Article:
Donald Trump has recently been gaining ground in the latest polls at both the national and state level, suggesting that the email scandal plaguing Hillary Clinton has not left her unscathed. However, when polls ask voters who they think will win the election rather than whom they plan to vote for, people overwhelmingly believe Clinton will prevail.
If the predictive capacity of the “expectations question” is as accurate as it has been in previous years, Clinton is poised to win this election. In fact, she currently polls better than President Barack Obama did against Mitt Romney and John McCain at this point in 2012 and 2008, on both whom voters expect to win and whom they plan to cast their ballot for.
Questions that measure voter expectations are often more accurate at predicting a winner than asking people which candidate they will vote for. These questions typically read along the lines of, “Regardless of who you are voting for, who do you think will win the election?” When asked to provide objective expectations as opposed to subjective intent, respondents must evaluate a wider variety of preferences than simply their own.
As for which candidate voters think will prevail in November, Clinton utterly eclipses Trump. According to every pollster who has tracked this question over the past month (YouGov/Economist, NBC/SurveyMonkey, Suffolk University, CNN/ORC, CBS), Clinton wins by a margin ranging from 16 to 28 percentage points ― and this lead has been sustained over the entire course of the general election.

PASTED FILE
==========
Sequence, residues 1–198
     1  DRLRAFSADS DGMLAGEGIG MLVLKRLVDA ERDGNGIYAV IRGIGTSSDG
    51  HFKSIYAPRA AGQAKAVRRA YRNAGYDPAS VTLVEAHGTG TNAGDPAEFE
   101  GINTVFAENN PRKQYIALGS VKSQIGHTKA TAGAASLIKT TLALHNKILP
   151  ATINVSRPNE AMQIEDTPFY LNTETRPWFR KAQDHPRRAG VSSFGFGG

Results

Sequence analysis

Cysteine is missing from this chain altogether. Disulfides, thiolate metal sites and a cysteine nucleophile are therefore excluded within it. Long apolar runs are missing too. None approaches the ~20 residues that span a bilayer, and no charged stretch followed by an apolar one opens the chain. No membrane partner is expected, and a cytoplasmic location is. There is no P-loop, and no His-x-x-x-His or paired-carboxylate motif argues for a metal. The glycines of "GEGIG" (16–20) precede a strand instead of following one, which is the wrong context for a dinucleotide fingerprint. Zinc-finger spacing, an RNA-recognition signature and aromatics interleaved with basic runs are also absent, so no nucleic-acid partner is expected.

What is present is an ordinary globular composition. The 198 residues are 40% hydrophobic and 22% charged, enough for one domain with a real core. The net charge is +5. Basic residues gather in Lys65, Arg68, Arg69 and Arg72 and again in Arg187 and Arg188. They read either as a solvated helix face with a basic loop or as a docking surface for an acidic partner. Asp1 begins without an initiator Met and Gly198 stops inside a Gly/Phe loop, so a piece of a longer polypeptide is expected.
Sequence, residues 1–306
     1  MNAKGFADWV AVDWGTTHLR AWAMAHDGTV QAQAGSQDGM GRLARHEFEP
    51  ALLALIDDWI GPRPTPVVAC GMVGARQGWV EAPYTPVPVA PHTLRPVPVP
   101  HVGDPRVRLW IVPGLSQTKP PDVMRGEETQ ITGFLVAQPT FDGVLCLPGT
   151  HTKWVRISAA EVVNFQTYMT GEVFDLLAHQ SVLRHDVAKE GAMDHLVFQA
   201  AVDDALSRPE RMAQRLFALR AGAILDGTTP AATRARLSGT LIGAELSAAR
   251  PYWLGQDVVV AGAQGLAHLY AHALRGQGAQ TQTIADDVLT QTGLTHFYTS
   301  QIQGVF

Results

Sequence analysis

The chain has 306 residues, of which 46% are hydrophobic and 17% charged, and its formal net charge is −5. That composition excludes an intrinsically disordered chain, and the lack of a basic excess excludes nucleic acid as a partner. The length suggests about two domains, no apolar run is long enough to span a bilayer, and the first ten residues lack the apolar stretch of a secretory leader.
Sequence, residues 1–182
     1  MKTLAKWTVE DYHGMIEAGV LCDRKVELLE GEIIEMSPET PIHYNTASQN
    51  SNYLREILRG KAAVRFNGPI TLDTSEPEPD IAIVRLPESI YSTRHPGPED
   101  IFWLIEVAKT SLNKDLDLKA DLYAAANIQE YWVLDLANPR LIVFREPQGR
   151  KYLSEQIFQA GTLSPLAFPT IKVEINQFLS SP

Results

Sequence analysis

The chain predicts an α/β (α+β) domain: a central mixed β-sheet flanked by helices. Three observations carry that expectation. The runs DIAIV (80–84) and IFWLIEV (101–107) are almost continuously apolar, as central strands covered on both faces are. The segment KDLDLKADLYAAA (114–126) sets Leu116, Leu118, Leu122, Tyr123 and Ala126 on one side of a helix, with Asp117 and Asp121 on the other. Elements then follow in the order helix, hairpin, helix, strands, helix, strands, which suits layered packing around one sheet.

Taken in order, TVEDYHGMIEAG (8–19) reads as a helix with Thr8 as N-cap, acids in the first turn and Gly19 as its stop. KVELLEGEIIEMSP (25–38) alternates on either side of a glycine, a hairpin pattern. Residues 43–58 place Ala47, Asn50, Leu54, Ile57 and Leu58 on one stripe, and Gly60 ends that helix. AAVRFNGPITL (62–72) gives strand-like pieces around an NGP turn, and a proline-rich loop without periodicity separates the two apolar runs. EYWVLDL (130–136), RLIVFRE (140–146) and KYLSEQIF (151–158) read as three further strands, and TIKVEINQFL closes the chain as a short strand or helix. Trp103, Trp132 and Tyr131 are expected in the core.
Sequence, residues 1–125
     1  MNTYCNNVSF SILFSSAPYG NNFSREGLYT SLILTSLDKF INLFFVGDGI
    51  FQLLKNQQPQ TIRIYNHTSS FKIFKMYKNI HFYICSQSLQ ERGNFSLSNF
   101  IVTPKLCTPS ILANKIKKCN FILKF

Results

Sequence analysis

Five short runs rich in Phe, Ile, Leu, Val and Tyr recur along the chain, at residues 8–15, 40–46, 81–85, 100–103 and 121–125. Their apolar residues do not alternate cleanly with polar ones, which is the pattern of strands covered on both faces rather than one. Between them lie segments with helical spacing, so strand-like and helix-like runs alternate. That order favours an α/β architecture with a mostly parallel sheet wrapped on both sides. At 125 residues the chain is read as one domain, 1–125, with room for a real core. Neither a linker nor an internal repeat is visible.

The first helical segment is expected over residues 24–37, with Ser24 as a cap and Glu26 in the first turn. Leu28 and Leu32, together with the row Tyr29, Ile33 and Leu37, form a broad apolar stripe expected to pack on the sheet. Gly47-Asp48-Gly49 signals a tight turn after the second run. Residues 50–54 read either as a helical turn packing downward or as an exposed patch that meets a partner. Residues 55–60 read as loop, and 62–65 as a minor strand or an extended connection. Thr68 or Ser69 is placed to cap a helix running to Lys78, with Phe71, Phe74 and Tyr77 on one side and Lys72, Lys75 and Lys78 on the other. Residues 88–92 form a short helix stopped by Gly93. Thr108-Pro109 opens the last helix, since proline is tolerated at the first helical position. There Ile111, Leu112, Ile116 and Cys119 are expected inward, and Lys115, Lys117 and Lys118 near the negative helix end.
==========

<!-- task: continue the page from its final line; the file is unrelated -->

On the intent question (”Who are you voting for?”), the HuffPost Pollster model, which aggregates all publicly available polling data, shows a much tighter race. Clinton only leads by a 3-point margin.
Looking back on the last three presidential elections, the expectations question predicted the overall outcome much more accurately than the intent question in nearly every poll who asked it in months leading up to the election. At this stage in the 2012 election, Obama led Romney by an average of 25 points on the expectations question, according to polls from YouGov/Economist, Suffolk, Gallup, CNN/ORC, ABC/Washington Post and Pew. The voter intent question indicated a much closer race ― Romney and Obama were within 1 point of each other. The same pattern holds in both the 2008 and 2004 races.
The merit of the expectations question has been researched extensively by David Rothschild and Justin Wolfers, who argue that asking people whom they expect will win instead of whom they prefer “grabs a much larger slice of people’s experience and knowledge, including a whole range of idiosyncratic facts” that are otherwise impossible to quantify. In this sense, voters are prompted to make a projection based on their cumulative experiences, which typically produces a more accurate prediction than a singular vote can.
The expectations question also reveals something about our own beliefs: We’re influenced by the way we perceive other people think.
In other words, people are more likely to vote for the candidate they think will win because of a “bandwagoning effect” ― or the idea that individuals will vote for a candidate that they believe others are voting for.
The implications of these findings for the 2016 election are clear: For one, polling indicates that people overwhelmingly believe Clinton will win the election. (And recent history shows that’s an accurate prediction.) Also, the overarching perception that Clinton is going to win could also garner her more votes among undecided voters in the fall.